Looking After Your Mobile Phone
For many people our mobile phones are an extension of us. Messages, photos, emails, social media - our phones often store (or give access to) huge amounts of our lives.
If you were to lose your phone, what memories & contacts might you lose? If your phone was stolen, what personal information could the thief access?
Whilst we (sadly!) can't help you avoid losing your phone, there are steps you can do now to limit any damage should the worst happen. Jump straight to topic:
See our dedicated page for what to do if you've lost your phone.
Set up a screen lock for your phone
Go on hands up, how many of us have ever lost a mobile phone?
Now pause and think about all that your phone can do:
- Can you send and receive emails?
- Do you use banking apps?
- Is Facebook, Twitter, or Instagram installed?
- Do you have private text messages or WhatsApp chats on it?
- Personal photos?
How would you feel if a complete stranger had easy access to all this, whether from simply finding your lost phone - or maybe even by pickpocketing you?
To keep control over your data the single best thing you can do is to enable a lock screen so that only you can open and access it. Unlocking your phone may be in the form of a PIN number, a swipe pattern, or (if your phone offers it) face or fingerprint recognition.
You can set this up in your phone here:
- For iPhones: In Settings go to Face ID & Passcode.
- For Android phones: In Settings go to Security and select Screen lock.
Most phones will allow you to configure when this check is needed. You might for example only require a PIN number after 5 minutes of inactivity (rather that every single time you want to access it), or to allow you access to notifications without the need for any identity check. Set whatever is best for you.
Add a SIM PIN
For even better defence, you can set a PIN for your SIM card too. This will prevent a phone thief from being able to put your SIM card into another phone in order to receive your text messages - for example those that may have security codes in, if perhaps the thief is trying to reset your password on any internet accounts.
You can find these settings here:
- For iPhones: In Settings go to Mobile Data and then SIM PIN
- More advice is on the Apple website.
- For Android phones: In Settings go to Security and select Sim card lock.
Note that you may need to enter the default network provider's PIN number before you can set a new one; you should be able to find this with a quick Do a web search.
You'll will need to enter the SIM PIN every time you restart your phone, so it's important to make sure it's a PIN that you can remember easily. If you enter it incorrectly too many times you'll need to contact your network provider to get a "PUK" code to unlock it.
Enable the "Find my phone" feature
The 'Find My' iphone app icon
Many modern smartphones come with a "Find My Phone" feature to help locate it if it's ever lost (for as long as it still has power & a phone signal).
This also often comes with other abilities too, such as to remotely delete all data to stop others from accessing whatever is on your phone.
For help setting this up (before you lose your phone!) see these pages on the manufacturer's own websites: iPhone | Android.
Keep your phone's software updated
If you have a modern smartphone, update the phone's software regularly to ensure it's protected against the latest technical threats.
For how to do this see our guide to updating your phone's software.
Disable notification previews
Some phones will, if set up to do this, display new messages on screen even when the phone is locked. Whilst this can be convenient (so you don't have to unlock your phone just to read a message) it can also be a huge help for thieves.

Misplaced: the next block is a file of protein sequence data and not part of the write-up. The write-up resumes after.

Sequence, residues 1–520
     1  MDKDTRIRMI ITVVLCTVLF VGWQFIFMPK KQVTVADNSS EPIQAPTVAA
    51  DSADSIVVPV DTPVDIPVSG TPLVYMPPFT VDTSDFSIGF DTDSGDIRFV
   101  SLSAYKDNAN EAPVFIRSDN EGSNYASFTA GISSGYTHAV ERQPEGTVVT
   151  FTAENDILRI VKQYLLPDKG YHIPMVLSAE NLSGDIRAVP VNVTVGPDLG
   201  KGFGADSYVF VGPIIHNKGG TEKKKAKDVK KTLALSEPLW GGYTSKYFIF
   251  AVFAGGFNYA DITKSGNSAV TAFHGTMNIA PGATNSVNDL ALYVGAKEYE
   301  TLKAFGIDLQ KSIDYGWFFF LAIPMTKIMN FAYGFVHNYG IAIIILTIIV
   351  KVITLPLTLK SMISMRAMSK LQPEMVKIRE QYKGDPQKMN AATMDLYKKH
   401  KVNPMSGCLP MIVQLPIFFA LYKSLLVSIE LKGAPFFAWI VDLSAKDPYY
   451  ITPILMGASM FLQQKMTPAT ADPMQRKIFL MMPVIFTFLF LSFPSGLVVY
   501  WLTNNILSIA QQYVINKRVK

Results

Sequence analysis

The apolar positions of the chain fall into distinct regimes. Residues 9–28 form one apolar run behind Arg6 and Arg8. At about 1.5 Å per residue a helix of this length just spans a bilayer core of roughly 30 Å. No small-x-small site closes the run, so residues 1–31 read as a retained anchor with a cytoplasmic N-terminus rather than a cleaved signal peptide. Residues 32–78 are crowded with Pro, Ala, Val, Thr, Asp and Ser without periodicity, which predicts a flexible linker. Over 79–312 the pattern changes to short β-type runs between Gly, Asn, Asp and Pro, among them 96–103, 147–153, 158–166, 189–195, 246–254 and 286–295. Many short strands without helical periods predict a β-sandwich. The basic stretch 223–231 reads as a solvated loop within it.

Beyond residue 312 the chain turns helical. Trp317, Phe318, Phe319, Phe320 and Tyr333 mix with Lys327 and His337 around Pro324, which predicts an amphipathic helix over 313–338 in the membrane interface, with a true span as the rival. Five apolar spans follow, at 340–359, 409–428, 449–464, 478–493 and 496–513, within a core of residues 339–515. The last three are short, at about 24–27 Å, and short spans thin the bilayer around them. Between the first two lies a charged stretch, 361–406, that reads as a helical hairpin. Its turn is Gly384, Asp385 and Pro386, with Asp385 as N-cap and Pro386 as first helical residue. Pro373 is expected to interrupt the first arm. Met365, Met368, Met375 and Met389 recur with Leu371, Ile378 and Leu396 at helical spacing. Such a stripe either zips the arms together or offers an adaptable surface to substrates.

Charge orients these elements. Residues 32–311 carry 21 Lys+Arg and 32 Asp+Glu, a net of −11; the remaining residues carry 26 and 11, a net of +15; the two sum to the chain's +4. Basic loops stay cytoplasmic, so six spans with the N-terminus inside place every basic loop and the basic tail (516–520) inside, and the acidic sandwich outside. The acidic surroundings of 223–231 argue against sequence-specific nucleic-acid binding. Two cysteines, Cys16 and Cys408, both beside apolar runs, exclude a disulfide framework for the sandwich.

If they try to hack into any of your accounts then they'll now be able to read any security codes sent as a text message - even without needing to unlock your phone.
To disable notification previews on the lock screen see these pages: iPhone | Android.
Look after your data
Use public wifi with care
Using a public wifi connection (or "hotspot") can expose your personal data to several risks, such as your emails or messages being captured and stolen, if you don't take the correct precautions. See our guide on how to use your phone on public wifi hotspots securely.
Keep your phone backed up
Our phones often contain a lot of information that's important to us, for example phone numbers, photos, messages, and app data. Make sure you don't lose all this (for example if you lose your phone or it just stops working) by backing it up regularly. Many phones these days make it easy, allowing you to "sync" your files & contacts to your home computer.
See our guide for backing up your data.
If you lose your phone
If you ever lose your phone (which most of us probably have at one point in the past!) then find a computer and change the passwords for the different accounts that your phone has access to straight away, just in case a thief does manage to access your phone. This could for example be your email accounts, Facebook, Instagram, or even a dating website.
See our dedicated guide for what to do if you lose your phone.
One other thing worth considering right now - ie before you lose your phone! - is would you know how to contact friends or family if you lost your phone? Can you remember any important emergency phone numbers for friends or family? It's worth keeping at least one number written down and carried with you at all times, so you can still contact somebody in the event of an emergency if you can no longer access your numbers for whatever reason (even if it's just a flat battery!).
Before you bin a phone....
Before disposing of your phone at the end of its life, make sure you perform a factory reset to delete all your data & prevent others seeing it. Who knows where your phone may end up!
See our guide to securely wiping your phone clean.